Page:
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Sunday, March 18, 2012

What is software architecture?

Every software system has to adhere to certain requirements. Most of the time this means making the life of users easier by providing functions relevant and helpful for their work. Additionally, the system has to be equipped with features, which make it usable in the first place, e.g. accessibility, performance and stability. But all in all, it boils down to meeting certain requirements, whether they are functional or non-functional, well-known or unknown. The architecture explains how the system is going to fulfill those requirements.

The architecture does not address each requirement individually since there are lots of requirements which are very similar (e.g. “display this” and “display that”). Rather, it addresses classes of requirements which form the same kind of problem to the system. The architecture provides solutions to these problems – let us call them concepts.

Here we find two of the most important quality criteria for software architecture:
  • There should be only one concept for each problem.
  • The concept should be appropriate and befitting the problem, i.e. it should be as lightweight and easy as possible.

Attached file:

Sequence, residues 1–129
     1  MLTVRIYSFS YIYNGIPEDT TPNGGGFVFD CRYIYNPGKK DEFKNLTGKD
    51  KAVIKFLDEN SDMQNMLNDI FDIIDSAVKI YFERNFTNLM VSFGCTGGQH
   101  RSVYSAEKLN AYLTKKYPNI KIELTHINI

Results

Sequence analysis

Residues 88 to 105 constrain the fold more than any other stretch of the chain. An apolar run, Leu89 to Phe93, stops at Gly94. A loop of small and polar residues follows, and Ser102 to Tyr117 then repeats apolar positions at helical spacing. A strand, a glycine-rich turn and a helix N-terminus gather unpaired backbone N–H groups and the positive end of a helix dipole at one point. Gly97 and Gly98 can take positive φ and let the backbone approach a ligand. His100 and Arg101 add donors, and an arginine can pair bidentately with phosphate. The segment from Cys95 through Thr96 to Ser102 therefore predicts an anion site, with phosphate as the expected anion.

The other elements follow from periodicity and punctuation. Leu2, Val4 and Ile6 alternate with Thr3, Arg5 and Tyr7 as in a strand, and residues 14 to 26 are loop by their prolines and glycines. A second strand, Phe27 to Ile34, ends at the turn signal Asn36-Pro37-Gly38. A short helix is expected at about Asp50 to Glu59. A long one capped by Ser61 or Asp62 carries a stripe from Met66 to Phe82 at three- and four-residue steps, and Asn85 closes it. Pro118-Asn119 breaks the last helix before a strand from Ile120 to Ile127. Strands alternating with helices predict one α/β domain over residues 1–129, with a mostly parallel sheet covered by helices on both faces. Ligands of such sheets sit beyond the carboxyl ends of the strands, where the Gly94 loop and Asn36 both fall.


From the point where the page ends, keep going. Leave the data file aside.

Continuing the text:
Now, we have a definition for software architecture:

A software architecture provides an appropriate set of concepts as a solution to and befitting the functional and non-functional requirements of a system.

Architecture - a set of concepts
Let us look at an example to make this clearer: an application has to be build, which shall enable its users to input and store user complaints, which can also be displayed again later on. With this way of putting it, the requirements are roughly defined, and already group into classes of requirements since we don’t mention each single type of complaint but only talk generally about “user complaints”. Thus, our architecture has to provide concepts for the following problems:

  1. Feature a GUI with possibility to input textual and structured data
  2. Define data structure to memorize the “complaints”
  3. Validate the data
  4. Store the data persistently
  5. Transport data between the GUI and the store
  6. Read the data back from the store
  7. Display complaints read from the store in the GUI
These concepts only address the functional requirements. Most probably, our architecture also needs concepts for non-functional aspects like:

  1. Accessibility of the GUI for the users (e.g. with a web browser)
  2. Failover functionality, in order to recover from failure
  3. Transactions to prevent users to change the same data at the same time
  4. Backups to recover from data loss
The longer one thinks about the issue, the more items may appear on the list. The bottom line here is: the architecture is defined through this list of concepts. But, all of these concepts have to be addressed anyway in order to make the application work. What can be influenced is how they are addressed, i.e. which concrete concepts are chosen to address the issues. This leads to one further insight:

There is no software system without architecture. What matters is: was the architecture chosen by chance or by a deliberate and controlled process?

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